"Do you come here often?"
Monkey business: Male chimps 'pay for sex' by grooming their mates
Last updated at 11:07am on 3rd January 2008 Daily Mail
Male macaque monkeys "pay" for sex with females by grooming them, scientists believe.
In areas where there are fewer females, males are forced to groom their partners for up to twice as long before they are able to have sex, the research found.
Sexual activity among a 50-strong group of long-tailed macaques in Kalimantan Tengah, Indonesia, increased after bouts of male-to-female grooming, according to findings published in Animal Behaviour journal and reported in New Scientist.
On average, females had sex 1.5 times an hour, but it jumped to 3.5 times an hour immediately after the female monkey was groomed by their male partner.
The females were also less likely to look elsewhere for sex after being groomed.
The monkey version of the "world's oldest profession" is also a rare example of market forces acting in nature, with the availability of females affecting the "price" of mating.
Michael Gumert of Nanyang Technological University, Singapore, said unlike examples of "reciprocal altruism" - in which one organism provides a service to another in return for getting something back at a later date - the value of sex fluctuated like any other economic commodity.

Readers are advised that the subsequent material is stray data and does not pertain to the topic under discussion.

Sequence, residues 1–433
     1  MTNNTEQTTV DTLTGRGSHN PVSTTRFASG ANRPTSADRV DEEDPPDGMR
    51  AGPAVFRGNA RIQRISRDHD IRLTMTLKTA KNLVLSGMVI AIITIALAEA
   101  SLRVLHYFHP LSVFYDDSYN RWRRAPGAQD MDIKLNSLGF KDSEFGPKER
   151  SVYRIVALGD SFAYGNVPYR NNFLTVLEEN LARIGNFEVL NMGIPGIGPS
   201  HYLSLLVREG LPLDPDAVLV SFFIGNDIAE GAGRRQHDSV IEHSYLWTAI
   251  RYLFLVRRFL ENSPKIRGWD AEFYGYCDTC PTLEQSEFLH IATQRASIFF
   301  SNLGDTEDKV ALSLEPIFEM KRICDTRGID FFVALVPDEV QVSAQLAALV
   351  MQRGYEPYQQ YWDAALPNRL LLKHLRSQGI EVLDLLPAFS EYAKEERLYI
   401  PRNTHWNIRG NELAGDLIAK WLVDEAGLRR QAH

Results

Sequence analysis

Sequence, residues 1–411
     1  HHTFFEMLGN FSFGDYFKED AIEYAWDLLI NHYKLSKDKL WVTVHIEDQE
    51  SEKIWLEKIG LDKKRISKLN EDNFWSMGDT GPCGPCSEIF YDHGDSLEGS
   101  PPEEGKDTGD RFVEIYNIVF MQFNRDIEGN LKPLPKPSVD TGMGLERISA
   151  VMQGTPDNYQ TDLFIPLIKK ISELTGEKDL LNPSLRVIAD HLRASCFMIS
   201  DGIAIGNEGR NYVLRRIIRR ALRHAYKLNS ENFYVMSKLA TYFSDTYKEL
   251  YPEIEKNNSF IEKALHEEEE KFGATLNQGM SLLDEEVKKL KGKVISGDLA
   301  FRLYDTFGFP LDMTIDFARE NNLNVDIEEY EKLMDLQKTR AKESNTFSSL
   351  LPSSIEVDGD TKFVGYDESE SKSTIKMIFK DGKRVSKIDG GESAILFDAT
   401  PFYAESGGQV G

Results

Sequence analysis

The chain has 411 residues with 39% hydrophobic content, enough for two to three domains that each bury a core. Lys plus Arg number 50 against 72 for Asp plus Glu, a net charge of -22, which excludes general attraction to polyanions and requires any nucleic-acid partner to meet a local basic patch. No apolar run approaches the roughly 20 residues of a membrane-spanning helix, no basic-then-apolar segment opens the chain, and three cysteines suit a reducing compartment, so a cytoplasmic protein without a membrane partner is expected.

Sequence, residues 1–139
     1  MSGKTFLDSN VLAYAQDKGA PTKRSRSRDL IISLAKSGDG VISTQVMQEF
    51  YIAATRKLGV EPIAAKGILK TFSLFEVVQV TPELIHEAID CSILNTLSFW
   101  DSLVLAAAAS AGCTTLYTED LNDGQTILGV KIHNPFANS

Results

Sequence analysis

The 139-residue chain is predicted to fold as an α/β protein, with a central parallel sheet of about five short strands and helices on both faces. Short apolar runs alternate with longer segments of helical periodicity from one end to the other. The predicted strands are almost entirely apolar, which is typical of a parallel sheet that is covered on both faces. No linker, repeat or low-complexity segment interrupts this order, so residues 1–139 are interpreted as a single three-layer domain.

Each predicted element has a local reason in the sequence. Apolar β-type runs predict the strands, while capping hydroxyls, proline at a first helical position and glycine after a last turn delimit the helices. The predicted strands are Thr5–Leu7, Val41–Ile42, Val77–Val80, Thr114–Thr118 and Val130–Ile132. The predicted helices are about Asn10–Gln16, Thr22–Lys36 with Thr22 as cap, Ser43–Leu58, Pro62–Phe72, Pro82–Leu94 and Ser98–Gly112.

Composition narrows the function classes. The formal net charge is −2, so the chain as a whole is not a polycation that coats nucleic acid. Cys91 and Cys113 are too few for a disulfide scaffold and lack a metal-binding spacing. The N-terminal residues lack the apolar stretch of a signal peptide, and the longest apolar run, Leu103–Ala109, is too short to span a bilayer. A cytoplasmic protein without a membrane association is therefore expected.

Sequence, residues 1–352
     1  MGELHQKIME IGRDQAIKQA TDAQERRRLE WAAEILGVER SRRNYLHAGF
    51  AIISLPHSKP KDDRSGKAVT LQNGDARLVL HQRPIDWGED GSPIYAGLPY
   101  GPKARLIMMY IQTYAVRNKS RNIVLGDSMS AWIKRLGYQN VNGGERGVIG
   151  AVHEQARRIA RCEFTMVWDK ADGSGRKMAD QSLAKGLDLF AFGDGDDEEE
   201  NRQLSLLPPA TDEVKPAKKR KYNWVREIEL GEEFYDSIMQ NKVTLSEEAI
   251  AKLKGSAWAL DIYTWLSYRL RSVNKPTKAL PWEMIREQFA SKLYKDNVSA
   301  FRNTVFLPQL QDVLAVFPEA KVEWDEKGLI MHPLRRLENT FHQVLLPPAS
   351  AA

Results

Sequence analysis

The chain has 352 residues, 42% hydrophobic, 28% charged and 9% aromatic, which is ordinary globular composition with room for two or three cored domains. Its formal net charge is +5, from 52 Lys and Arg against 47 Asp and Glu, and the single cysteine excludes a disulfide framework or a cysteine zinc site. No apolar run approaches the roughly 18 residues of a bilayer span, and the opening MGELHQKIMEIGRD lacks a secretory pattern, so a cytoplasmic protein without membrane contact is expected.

When there were several females in the area, the male monkeys would only have to do eight minutes of grooming before being able to mate.
But if there were fewer females than males around, a male would have to groom his partner for up to 16 minutes before sex, the research found.
Dr Gumert said: "When the opportunity arises, male macaque monkeys groom females to 'pay' for sex."
The macaques' behaviour is thought to be an example of a "biological market", a theory developed by Ronald Noe of the University of Strasbourg, France, and Peter Hammerstein of Humboldt University, Berlin.
Prof Noe said market forces had a strong influence on behaviour - in both animals and humans.
"There is a very well-known mix of economic and mating markets in the human species itself.
"There are many examples of rich old men getting young attractive ladies," he said.